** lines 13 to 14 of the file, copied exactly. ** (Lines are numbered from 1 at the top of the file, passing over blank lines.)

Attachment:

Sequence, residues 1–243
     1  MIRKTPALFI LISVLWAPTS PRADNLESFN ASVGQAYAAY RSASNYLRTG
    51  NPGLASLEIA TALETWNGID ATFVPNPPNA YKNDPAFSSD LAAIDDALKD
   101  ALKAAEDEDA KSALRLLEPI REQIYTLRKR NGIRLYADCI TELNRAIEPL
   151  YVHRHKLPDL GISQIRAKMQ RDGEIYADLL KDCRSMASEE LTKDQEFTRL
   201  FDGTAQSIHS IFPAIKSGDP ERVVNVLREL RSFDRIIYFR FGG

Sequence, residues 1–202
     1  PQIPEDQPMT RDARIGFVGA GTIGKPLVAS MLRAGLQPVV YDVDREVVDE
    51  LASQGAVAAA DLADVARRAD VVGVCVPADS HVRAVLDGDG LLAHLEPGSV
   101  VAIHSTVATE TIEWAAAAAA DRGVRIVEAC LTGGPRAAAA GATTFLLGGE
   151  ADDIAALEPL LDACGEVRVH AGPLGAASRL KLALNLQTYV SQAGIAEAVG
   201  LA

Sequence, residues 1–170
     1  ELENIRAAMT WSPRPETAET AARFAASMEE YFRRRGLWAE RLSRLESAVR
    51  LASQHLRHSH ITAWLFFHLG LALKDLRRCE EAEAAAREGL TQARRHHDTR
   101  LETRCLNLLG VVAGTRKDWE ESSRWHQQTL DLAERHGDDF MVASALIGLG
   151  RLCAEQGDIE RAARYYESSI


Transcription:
Sequence, residues 1–170
     1  ELENIRAAMT WSPRPETAET AARFAASMEE YFRRRGLWAE RLSRLESAVR